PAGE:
Why The Pension Levy Is Shortsighted & Unfair

At this stage most self employed people know that as part of the Government’s initiative to promote job creation, a 0.6% levy has been introduced on personal pension funds. The levy is being applied on all capital value assets under management of funded pension schemes and personal pension plans established in Ireland. Thankfully it is not applied on Approved Retirement Funds of those who have retired.

The levy has been stated by the Government to be temporary, and will be in force until 2014, thereby hoping to raise an estimated €470m annually.

Before we go any further, let’s not deal in semantics. This is not a levy – this is a TAX to add to all of the other taxes that the Government finds that it has to implement because of past transgressions.

While the market has been advised that the TAX will apply based on the market value of assets as at 1st January 2011 there has been very little specific detail from the Department of Finance on the practicalities of the proposal. Whether the TAX will be introduced before and, if so, continue after 2014, time will tell but its very existence points to a very basic lack of understanding on the Government’s approach to retirement funding.

Firstly the long term timebomb of the need to have adequate retirement funding for our aging population just started to tick louder. By taxing pension funds by a further 0.6% a personal pension fund will be reduced by 6.2% over a ten year period or 12.7% over a 20 year period. If the eventual fund was originally likely to be €1,000,000 this would account to a reduction of €62,000 or €127,000 over time, depending on your term. These reductions, based on current annuity rates of, say, 4.5% will see a loss in annual income from retirement age onwards of  €2,790 or €5,715.

This is all the more incredible when one considers that up to even last year, the previous Government had stated that they sought to ensure that all employers have some form of compulsory pension scheme in place. While a different Government is in place now, the same problem remains and has been exasperated by the raiding of the National Pension Reserve Fund just to help bail out the banks. One can only hope that when the  banks become permanently solvent that they will be capable of being sold on by the State for a considerable profit and thus recharge the National Pension Reserve Fund.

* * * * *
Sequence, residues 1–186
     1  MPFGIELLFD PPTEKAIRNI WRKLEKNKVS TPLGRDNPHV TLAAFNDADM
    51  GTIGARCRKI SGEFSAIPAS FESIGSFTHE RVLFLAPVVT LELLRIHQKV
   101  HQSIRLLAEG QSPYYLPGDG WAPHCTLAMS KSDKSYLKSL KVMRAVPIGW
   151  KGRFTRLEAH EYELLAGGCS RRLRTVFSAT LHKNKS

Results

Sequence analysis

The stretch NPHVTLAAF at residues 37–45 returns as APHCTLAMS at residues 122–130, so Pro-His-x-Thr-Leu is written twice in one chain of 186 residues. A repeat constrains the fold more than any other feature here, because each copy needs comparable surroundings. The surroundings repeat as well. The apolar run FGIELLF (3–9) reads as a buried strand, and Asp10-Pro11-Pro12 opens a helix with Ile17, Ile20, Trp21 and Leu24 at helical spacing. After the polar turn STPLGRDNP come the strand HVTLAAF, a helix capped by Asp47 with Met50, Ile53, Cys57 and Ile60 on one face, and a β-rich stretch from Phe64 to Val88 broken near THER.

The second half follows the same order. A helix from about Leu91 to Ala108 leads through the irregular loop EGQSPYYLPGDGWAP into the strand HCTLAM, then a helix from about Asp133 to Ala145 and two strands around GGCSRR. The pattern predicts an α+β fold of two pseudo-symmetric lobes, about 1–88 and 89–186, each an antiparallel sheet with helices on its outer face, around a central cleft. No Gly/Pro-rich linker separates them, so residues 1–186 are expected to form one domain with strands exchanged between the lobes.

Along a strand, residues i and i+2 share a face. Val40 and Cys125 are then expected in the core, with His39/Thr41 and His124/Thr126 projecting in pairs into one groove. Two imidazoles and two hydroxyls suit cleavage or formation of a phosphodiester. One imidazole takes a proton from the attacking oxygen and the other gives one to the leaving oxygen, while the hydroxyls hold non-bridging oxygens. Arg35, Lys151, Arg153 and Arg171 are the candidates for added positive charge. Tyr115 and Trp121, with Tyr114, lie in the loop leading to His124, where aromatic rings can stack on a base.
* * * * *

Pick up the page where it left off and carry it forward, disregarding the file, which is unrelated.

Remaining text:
The application of the levy/tax is also unfair on the private sector. If one assumes an annuity rate of 4.5%, the o.6% levy represents a 13% reduction in annual income being absorbed by the private pension holders.

This is a one sided tax as no equivalent charge is being placed on public setor pensions which, if it was, would have resulted in a 13% reduction in gross monthly pension payments. I don’t imagine that too many public servants would stand idly by for a 13% reduction in retirement income.

At its heart is a totally inequitable position which is fundamentally unconstitutional. Why is one sector of Irish life being penalised directly without the other side having to take any pain?

Within the pensions industry, even in the last few short days, there is a growing voice for legal action by way of a test case to be taken. Time and many actuaries and lawyers later will tell if the Government really knows how to handle this problem of their own making!

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